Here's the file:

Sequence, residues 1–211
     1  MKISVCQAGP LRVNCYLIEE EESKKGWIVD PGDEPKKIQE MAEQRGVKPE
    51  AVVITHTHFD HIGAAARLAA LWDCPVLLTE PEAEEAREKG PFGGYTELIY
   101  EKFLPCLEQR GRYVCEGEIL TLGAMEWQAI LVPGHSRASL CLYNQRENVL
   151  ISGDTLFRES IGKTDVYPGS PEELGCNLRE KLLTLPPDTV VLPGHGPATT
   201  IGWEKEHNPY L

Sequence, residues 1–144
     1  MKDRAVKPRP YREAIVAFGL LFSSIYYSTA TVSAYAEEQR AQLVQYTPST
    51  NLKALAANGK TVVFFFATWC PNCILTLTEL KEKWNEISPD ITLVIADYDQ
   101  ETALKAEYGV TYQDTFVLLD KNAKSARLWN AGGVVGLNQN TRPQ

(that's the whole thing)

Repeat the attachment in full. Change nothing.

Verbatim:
Sequence, residues 1–211
     1  MKISVCQAGP LRVNCYLIEE EESKKGWIVD PGDEPKKIQE MAEQRGVKPE
    51  AVVITHTHFD HIGAAARLAA LWDCPVLLTE PEAEEAREKG PFGGYTELIY
   101  EKFLPCLEQR GRYVCEGEIL TLGAMEWQAI LVPGHSRASL CLYNQRENVL
   151  ISGDTLFRES IGKTDVYPGS PEELGCNLRE KLLTLPPDTV VLPGHGPATT
   201  IGWEKEHNPY L

Sequence, residues 1–144
     1  MKDRAVKPRP YREAIVAFGL LFSSIYYSTA TVSAYAEEQR AQLVQYTPST
    51  NLKALAANGK TVVFFFATWC PNCILTLTEL KEKWNEISPD ITLVIADYDQ
   101  ETALKAEYGV TYQDTFVLLD KNAKSARLWN AGGVVGLNQN TRPQ